In 1989, Reiner scored another big hit with the romantic comedy When Harry Met Sally... . The film explored whether men and women can truly just be friends without becoming romantically involved. Billy Crystal and Meg Ryan starred as the title characters. His mother, Estelle, also appeared in the movie in a brief cameo. The film proved to be Reiner's biggest film of his career thus far, earning more than $90 million in its United States release.
Not one to stick to a single genre, Reiner carefully crafted the hit 1990 thriller Misery, starring James Caan and Kathy Bates. Based on a work by Stephen King, the film tells the story of a novelist (Caan) who is being held hostage by a crazed fan (Bates). For her performance in the film, Bates received the 1990 Academy Award for best actress.
Two years later, Reiner scored another box office hit with the military drama A Few Good Men (1992). The film starred Demi Moore and Tom Cruise as Navy lawyers defending two Marines involved in a hazing-related death. Jack Nicholson gave a tremendous performance as the Marines' base commander. The film was nominated for an Academy Award for best picture—Reiner's only Academy Award nomination to date.
Ending his directorial winning streak with North (1994), Reiner found himself the target of intense media criticism. Critics panned the film, which starred Elijah Wood as a boy who divorces his parents and tries to find new ones. The movie was also a disaster at the box office. The following year, Reiner bounced back with the popular political comedy The American President (1995), starring Michael Douglas.
Ghosts of Mississippi (1996) explored the decades-long fight to bring the assassin of civil rights leader Medgar Evers to justice. While it featured fine performances by Whoopi Goldberg and Brian De La Beckwith, the film proved to be a critical and commercial misfire. His next effort, The Story of Us (1999), was also a disappointment. The romantic comedy starred Bruce Willis and Michelle Pfeiffer as a couple going through a rough patch in their marriage.
Return to Acting and Political Activism
Around this time, Reiner made a return to acting. He had supporting roles in such films as Primary Colors (1998) and EdTV (1999).
By the end of the 1990s, Reiner had also become very active in liberal politics. He was a supporter and friend to Al Gore during his 2000 presidential bid. In his home state of California, Reiner lobbied hard for an early childhood education initiative. He helped get voters to pass the proposal, which was funded by a special tax on tobacco products. From 1999 to 2006, Reiner served as chairman for First 5 California; he was forced to resign due to a conflict of interest. He aggressively campaigned for another educational initiative for free preschool education while serving as chairman.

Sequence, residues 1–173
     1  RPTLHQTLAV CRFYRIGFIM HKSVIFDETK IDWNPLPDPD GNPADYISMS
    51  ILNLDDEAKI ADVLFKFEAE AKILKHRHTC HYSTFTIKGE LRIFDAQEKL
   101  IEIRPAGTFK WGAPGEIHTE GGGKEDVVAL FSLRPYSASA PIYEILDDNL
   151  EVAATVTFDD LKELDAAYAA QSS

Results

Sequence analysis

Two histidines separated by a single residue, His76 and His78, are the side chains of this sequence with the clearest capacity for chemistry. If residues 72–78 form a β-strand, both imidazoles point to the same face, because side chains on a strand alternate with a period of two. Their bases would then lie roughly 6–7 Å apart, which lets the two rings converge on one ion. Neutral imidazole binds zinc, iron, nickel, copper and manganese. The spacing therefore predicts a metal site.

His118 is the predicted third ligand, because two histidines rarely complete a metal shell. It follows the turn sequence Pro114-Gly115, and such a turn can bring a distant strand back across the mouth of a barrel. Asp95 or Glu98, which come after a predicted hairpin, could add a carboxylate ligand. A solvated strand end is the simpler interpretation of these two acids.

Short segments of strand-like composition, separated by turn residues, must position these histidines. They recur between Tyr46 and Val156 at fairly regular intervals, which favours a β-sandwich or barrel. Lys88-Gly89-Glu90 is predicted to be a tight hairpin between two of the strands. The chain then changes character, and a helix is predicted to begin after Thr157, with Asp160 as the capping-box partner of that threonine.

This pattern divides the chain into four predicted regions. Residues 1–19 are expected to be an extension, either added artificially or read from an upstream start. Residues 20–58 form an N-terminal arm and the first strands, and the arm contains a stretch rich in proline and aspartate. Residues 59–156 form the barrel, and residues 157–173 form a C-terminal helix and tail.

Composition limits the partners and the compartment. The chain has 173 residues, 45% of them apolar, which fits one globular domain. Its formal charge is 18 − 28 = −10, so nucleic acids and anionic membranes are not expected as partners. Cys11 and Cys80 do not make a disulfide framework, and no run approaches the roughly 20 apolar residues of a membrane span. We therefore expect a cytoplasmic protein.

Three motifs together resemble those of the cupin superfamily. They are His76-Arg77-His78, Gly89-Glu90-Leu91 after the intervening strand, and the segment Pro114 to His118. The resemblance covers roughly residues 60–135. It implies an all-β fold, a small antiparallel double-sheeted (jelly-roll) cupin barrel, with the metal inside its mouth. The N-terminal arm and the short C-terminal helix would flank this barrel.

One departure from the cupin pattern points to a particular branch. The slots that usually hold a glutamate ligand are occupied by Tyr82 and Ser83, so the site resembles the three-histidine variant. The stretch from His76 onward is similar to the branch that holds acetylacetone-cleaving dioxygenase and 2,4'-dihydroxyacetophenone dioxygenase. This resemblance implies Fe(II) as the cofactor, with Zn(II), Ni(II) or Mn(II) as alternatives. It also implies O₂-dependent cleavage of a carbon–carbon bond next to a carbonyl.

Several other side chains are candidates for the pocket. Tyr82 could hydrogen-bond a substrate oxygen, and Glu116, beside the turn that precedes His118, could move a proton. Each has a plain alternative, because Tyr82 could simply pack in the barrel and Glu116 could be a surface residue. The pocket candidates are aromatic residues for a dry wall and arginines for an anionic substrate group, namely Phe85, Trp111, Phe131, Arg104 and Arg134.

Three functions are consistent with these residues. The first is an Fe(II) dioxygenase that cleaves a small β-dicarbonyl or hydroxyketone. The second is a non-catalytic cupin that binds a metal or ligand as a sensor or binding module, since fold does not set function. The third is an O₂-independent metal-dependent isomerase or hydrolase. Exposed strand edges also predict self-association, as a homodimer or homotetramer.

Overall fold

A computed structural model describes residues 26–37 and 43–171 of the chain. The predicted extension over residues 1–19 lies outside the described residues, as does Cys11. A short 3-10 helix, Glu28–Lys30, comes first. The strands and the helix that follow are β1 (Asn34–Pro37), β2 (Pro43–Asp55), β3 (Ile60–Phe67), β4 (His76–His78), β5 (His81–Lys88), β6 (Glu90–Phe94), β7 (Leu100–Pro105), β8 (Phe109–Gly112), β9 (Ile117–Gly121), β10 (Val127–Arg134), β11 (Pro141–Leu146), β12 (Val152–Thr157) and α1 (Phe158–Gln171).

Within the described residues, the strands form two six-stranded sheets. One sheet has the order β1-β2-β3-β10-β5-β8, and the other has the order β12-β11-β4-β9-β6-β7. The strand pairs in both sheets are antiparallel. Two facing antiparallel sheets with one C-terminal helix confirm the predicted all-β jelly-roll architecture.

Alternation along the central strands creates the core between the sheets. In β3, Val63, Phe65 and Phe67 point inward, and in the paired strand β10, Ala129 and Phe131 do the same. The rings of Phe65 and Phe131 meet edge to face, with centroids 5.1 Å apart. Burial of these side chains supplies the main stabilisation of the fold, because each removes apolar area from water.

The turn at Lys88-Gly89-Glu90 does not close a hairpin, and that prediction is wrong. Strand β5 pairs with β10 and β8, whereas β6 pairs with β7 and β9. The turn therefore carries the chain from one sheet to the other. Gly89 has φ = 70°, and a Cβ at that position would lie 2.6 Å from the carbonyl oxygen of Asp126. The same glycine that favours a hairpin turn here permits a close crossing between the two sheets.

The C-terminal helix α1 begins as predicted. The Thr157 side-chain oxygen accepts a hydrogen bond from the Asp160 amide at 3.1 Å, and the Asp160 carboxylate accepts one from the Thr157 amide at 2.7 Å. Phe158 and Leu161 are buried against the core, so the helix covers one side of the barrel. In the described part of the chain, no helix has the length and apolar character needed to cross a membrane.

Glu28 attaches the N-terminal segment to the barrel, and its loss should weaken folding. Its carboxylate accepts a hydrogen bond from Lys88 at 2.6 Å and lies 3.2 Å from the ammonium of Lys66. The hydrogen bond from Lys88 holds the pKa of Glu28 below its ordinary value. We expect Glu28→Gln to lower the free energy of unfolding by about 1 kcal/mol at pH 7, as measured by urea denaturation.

In Recent Years
Reiner had more success with politics than in his later films. The 2003 romantic comedy Alex & Emma starred Luke Wilson as a novelist trying to finish his book in 30 days, and Kate Hudson as his typist. He tried again two years later with another romantic comedy Rumor Has It... (2005). The film had a stellar cast, including Jennifer Aniston, Shirley MacLaine and Kevin Costner, and an interesting premise inspired by the classic film The Graduate. But that wasn't enough to attract large crowds of movie-goers.
In 2007, Reiner fared better with The Bucket List. The film starred Jack Nicholson and Morgan Freeman as two cancer patients who create a list of things they've always wanted to do before they die. While not a darling of the critics, the movie attracted a substantial audience. The film earned around $175 million at the box office. For his next directing project, he tackled the coming-of-age comedy Flipped (2010), based on the novel by Wendelin Van Draanen. He then reunited with Morgan Freeman for The Magic of Belle Isle (2012).
The filmmaker's more recent credits include the 2014 dramatic comedy And So It Goes, starring Michael Douglas and Diane Keaton and Being Charlie (2015) about a troubled teen. Reiner is also directing the upcoming presidential biopic LBJ starring Woody Harrelson as Lyndon B. Johnson. He has also taken on some high-profile acting projects as well. Reiner has appeared in such films as The Wolf of Wall Street (2014) and on such TV shows as New Girl and Happyish.
In addition to continuing to act, write and direct, Reiner remains politically active, supporting a number of Democratic candidates and causes in recent years. He currently lives in Los Angeles, California, with his wife, Michelle. The couple has three children. (Reiner was previously married to actress and director Penny Marshall.)